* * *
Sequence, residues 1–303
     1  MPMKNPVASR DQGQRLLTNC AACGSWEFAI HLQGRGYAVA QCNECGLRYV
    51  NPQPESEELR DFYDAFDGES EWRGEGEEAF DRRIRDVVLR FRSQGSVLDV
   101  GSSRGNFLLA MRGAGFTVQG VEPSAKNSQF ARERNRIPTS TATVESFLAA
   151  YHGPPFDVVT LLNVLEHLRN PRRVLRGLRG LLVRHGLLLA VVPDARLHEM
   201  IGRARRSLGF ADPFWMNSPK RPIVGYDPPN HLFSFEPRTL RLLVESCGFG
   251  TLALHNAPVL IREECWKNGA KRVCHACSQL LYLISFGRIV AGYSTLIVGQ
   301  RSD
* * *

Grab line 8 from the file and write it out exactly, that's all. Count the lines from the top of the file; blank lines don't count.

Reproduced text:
   301  RSD